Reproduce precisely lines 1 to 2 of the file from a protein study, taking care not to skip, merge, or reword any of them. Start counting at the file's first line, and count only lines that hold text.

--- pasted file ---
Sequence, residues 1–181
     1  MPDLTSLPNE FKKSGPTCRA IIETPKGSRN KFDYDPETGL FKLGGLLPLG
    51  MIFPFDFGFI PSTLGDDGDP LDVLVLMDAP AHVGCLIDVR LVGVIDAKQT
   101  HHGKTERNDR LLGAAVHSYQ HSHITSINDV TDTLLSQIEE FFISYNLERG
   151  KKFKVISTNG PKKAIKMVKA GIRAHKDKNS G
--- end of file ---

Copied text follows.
Sequence, residues 1–181
     1  MPDLTSLPNE FKKSGPTCRA IIETPKGSRN KFDYDPETGL FKLGGLLPLG